The second issue facing the courts is more complex and relates to the long-standing contestation between religious freedoms, and the rights of sexual and gender minorities. More specifically, it relates to the tensions between fundamental rights as enshrined in Part III of the Indian Constitution and the relative immutability of Indian personal laws.
Interestingly, opposition to decriminalizing homosexuality in India has come from representatives from Hindu, Muslim, and Christian faith-based groups over the years (although legal opposition in the Navtej case was primarily Christian) Given the splintered nature of Indian personal laws – messily carved on the basis of religion – it is difficult to say which religious group, if any, would want their personal laws amended to incorporate equal rights for homosexuals – a group of people that most religious leaders would condemn as immoral or sinful even today. It is also uncertain why these orthodox religious groups would want to change their laws now, why they should do it and how they would go about it, because these amendments would not just need to cover marriage rights, but would also need to have provisions for divorce, rape, adoption, and inheritance, among other things.
Proponents of a Uniform Civil Code should know that in Narenda Modi’s India, it is unlikely that LGBTQIA+ rights will find space. After all, this government neither opposed nor advocated for the decriminalization of homosexuality, but did oppose amending the Hindu Marriage Act to recognize same-sex marriage.
It has been suggested that that same-sex marriage advocates should not emphasise on amending personal laws, but instead, focus on either amending secular legislation like the Special Marriage Act (which facilitates marriages between people of different religions, or those who don’t want to be bound by their religion’s personal laws) or reading down the Special Marriage Act as unconstitutional on the grounds that it discriminates against sexual and gender minorities. While this approach may sound feasible, it doesn’t address the elephant in the room: namely, the failure of our legal system (and our society) to properly remedy the glaringly obvious contradictions between fundamental rights on the one hand and gender/sex discrimination under personal law on the other.
Also read: Scope of same-sex marriages and gender neutrality of the Special Marriage Act [Part I]
Also, while an amendment/reading down of the Special Marriage Act may offer some relief to same-sex marriage advocates, it begs the question of why homosexual people should have to seek legal recognition outside the purview of religion? Why can’t one be a queer person of faith? Or is this beyond the law’s imagination? Why should, for example, a same-sex Muslim couple have to choose between affirming their deeply held religious beliefs and having their romantic relationship recognized by the law? These are complicated questions that courts across the world are still trying to answer, and social morality plays an important role in determining how courts behave.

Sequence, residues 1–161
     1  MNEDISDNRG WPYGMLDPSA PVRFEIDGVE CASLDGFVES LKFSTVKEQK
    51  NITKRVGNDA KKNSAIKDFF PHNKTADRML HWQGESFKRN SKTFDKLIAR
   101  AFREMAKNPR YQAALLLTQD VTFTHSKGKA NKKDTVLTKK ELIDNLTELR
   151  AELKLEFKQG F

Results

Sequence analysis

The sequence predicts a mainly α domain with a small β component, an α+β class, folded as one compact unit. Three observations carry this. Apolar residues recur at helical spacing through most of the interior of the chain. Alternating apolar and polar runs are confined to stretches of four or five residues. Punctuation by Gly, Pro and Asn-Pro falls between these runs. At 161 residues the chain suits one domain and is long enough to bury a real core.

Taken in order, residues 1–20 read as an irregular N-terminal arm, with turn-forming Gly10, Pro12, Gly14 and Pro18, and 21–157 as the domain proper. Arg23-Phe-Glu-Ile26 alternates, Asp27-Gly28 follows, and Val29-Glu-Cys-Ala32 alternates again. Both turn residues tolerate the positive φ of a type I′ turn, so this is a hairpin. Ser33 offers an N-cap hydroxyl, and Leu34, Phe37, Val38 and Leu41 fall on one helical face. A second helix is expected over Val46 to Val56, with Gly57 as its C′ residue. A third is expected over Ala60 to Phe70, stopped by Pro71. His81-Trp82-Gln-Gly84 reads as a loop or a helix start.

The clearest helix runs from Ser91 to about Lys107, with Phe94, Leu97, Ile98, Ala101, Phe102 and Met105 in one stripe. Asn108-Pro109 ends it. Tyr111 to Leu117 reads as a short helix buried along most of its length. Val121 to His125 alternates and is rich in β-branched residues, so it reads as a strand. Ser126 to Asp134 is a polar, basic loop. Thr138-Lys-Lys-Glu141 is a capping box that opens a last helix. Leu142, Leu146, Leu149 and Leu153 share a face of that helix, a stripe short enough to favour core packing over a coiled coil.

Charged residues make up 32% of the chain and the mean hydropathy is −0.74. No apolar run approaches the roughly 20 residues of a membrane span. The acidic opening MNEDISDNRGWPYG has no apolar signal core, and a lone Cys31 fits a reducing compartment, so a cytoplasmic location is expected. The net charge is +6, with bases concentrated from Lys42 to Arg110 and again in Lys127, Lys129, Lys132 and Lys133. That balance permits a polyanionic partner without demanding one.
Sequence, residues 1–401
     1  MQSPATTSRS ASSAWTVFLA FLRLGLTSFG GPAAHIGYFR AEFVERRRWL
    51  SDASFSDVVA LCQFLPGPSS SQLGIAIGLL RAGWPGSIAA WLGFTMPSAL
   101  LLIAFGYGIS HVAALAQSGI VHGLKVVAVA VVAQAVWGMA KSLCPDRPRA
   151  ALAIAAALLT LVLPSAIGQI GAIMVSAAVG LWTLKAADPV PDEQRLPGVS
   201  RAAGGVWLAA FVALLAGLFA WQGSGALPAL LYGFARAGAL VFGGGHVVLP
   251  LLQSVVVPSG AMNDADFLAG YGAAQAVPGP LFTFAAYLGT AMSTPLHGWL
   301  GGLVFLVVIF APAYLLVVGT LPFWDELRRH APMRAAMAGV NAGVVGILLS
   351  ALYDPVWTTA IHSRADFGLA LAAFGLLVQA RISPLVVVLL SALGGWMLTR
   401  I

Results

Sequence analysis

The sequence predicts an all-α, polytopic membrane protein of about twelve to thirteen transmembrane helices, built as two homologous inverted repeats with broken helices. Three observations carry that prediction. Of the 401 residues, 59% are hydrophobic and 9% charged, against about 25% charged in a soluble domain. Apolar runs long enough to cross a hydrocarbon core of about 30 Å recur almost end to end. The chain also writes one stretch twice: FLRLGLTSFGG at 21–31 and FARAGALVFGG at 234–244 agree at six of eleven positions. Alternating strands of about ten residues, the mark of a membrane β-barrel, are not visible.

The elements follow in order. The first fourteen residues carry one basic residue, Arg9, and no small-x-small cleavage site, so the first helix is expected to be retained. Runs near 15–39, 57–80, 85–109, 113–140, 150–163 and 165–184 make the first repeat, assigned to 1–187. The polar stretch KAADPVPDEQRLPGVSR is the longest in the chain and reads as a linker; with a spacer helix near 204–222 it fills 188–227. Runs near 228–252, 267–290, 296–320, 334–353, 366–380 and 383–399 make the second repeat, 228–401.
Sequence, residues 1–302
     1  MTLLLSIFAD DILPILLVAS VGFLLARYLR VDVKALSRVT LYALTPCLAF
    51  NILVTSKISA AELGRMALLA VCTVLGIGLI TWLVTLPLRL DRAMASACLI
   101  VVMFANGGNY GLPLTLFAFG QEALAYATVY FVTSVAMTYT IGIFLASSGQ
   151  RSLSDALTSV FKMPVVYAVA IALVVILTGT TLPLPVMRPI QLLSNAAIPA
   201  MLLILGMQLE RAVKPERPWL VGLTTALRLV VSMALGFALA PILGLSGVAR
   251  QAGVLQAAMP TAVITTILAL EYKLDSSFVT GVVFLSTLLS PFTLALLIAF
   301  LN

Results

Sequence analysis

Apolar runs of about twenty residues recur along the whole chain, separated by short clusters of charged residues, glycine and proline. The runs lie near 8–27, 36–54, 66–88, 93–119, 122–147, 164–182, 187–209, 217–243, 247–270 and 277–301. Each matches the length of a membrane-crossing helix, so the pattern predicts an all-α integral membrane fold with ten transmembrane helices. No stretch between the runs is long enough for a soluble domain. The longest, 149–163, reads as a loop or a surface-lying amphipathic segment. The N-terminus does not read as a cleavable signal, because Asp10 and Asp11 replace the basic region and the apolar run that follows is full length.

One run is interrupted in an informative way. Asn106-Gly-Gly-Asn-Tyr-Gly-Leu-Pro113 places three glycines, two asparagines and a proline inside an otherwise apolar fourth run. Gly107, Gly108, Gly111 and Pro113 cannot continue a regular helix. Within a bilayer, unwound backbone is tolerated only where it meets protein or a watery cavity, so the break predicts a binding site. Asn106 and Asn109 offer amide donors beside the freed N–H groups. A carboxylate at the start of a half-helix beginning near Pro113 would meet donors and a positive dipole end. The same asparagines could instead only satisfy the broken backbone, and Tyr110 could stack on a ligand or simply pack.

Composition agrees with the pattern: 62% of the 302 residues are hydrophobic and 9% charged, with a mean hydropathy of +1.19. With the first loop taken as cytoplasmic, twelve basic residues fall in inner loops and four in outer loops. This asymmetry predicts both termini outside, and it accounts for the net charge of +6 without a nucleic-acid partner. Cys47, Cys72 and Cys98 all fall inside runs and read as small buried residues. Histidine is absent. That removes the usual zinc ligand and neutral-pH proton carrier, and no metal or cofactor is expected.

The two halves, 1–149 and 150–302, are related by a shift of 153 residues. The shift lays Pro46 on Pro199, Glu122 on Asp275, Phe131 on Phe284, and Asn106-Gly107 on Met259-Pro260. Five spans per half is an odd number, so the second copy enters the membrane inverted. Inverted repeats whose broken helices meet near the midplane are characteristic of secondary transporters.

Keeping in mind India’s constitutional underpinning as a secular republic and the progress made by LGBTQIA+ activists over the years, it is pertinent that the Indian judiciary attempt to resolve some of these paradoxes once and for all.
The Netherlands was the first country in the world to legalize same-sex marriage more than 20 years ago. Since then, 31 countries have followed suit. However, identifying as LGBTQIA+ is still illegal in 70 countries, with some countries even prescribing the death penalty for homosexuality.
India lies somewhere in the middle – with a watered-down section 377 in its statute books, it is no longer a crime to enter into adult, consensual, and private same-sex relationships. However, the absence of robust LGBTQIA+ inclusive policies at the union, state and district levels, and an overall lack of political will to create better laws for LGBTQIA+ people means that these issues will take a back seat.
When the union government stated that there existed a ‘legitimate State interest’ to limit marriage to a bond between a biological man a biological woman, one must ask: Why? What business does the State have in excluding from the contours of marriage adults in consensual relationships who form a(n) (in)visibly oppressed minority group?
The legal framing to recognize non-traditional heterosexual marriages exists in Indian jurisprudence.
It should be noted that in Arunkumar and Anr. vs. The Inspector General of Registration and Ors. (2019), the Madras High Court upheld a Hindu marriage between Arunkumar (a cisgendered man) and Sreeja (a transgender woman). Justice G.R. Swaminathan remarked that the term ‘bride’ in Section 5 (conditions for a Hindu marriage) of the Hindu Marriage Act must not have a static meaning. Instead, it had to be reinterpreted in light of changing socio-cultural norms to also include transwomen, intersex people, and other transgender people who identified as women. The court further recognized the existence of multiple gender identities. While the court did not discuss same-sex marriage in its judgment, it did uphold the validity of marriages across genders (that is, those who were not biological women – contrary to the union government’s position).
Also read: How constitutional courts can recognize same-sex marriage [Part II]
The right to marry a person of one’s choice was also determined by the Supreme Court in the famous Hadiya case of 2018 in the context of inter-religious marriage and religious conversion from Hinduism to Islam.
Thus, the legal framing to recognize non-traditional heterosexual marriages exists in Indian jurisprudence. The time has come to extend these rights to homosexual people. Furthermore, the courts must also resolve the long-standing tensions between fundamental rights and personal laws, and rethink its position on sex and gender equality. Otherwise, they will find themselves on the wrong side of history.